- Talent Show. Give everyone 1-5 minutes at the start of a meeting (picking a couple of people per meeting, if the team is too large), and have them do something. Read a poem, tell a joke, play an instrument, show off a hobby, anything goes.
- Pen Pals. Set up pairs of team members and start a pen pal program with them, complete with hand-written letters. Send everyone some envelopes and stamps to facilitate the process.
- PowerPoint Nonsense. Ask everyone to develop a quick three-minute presentation on a random topic (the more nonsense the better), and vote on the best presentation.
- Baby Photos. Ask everyone to find and upload a photo from their childhood and explain it, whether it’s a goofy school picture or a treasured memory. Try to be sensitive to those who don’t have much to draw from, though.
- 10 Things in Common. Get your team – or small divisions of a larger team – to spend some time coming up with 5, 10, or however many things they all have in common.
Office games in an in-person environment range from fun and exciting to gimmicky and boring. Virtual office games can take advantage of technology in new and interesting ways, to let your team leverage their creative skills, collaborate, or challenge one another in friendly competition.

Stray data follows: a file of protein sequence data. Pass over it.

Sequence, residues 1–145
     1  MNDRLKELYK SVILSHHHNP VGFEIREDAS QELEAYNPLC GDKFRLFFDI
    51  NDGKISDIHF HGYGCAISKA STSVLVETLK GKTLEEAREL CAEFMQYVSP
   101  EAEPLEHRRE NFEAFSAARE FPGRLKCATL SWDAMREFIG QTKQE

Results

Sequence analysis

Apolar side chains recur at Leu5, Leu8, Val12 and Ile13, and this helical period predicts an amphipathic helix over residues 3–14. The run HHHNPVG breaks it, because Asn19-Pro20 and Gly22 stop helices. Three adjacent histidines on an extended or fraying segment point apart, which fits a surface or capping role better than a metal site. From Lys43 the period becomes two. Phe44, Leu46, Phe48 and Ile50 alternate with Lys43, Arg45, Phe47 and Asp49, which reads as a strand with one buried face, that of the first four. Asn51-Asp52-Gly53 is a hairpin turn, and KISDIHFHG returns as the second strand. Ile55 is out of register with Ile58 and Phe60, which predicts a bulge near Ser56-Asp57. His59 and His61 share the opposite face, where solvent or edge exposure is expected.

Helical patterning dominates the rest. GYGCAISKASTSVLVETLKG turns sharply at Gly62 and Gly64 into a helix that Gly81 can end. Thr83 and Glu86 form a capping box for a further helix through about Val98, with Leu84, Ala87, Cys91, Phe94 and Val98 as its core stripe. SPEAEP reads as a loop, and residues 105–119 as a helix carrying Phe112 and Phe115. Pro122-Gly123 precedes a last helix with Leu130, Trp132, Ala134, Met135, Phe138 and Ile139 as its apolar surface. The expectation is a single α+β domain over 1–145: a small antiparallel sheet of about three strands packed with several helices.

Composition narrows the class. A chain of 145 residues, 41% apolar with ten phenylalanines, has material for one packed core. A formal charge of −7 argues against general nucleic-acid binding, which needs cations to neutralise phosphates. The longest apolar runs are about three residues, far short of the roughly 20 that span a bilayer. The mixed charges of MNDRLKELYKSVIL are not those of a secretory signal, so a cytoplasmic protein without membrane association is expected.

- Musical Throwback. Play music over your call or meeting, and challenge your team members to identify it. Picking songs from 10-30 years ago tends to have the best results, but you may want to adapt this to the average age of your team.
- Scavenger Hunt. Put together a virtual scavenger hunt. Ask your team members to compile a completed list by taking pictures of various household items, local flora, or city landmarks, depending on the scale you want to stretch your exercise.
- Pictionary. The time-honored game of Pictionary can be played quite easily through a variety of online platforms, including Skribbl and Drawize, or even just screen-sharing a paint program.
- Spreadsheet Pixel Art. By using Excel or Google Sheets, ask your team to fill in cells to create pixel art. Either give them a prompt and see what they come up with or let them design whatever they like.
- Zoom Bingo. Develop a bingo sheet with items like “wore pajamas on the call” to “accidentally left muted/unmuted” and issue sheets to each team member before the meeting. See who gets their bingo first.
- Gif Conversations. Using an embedded gif tool in a service like Slack, or Google searched gifs, challenge your team to have a full conversation using nothing but these short animated images.
- Werewolf/Mafia. A common party game, each player is assigned a role, and the game progresses until either the “good” team is killed off or the “bad” team is identified. A huge array of rule sets and tools exist for this game, so check it out.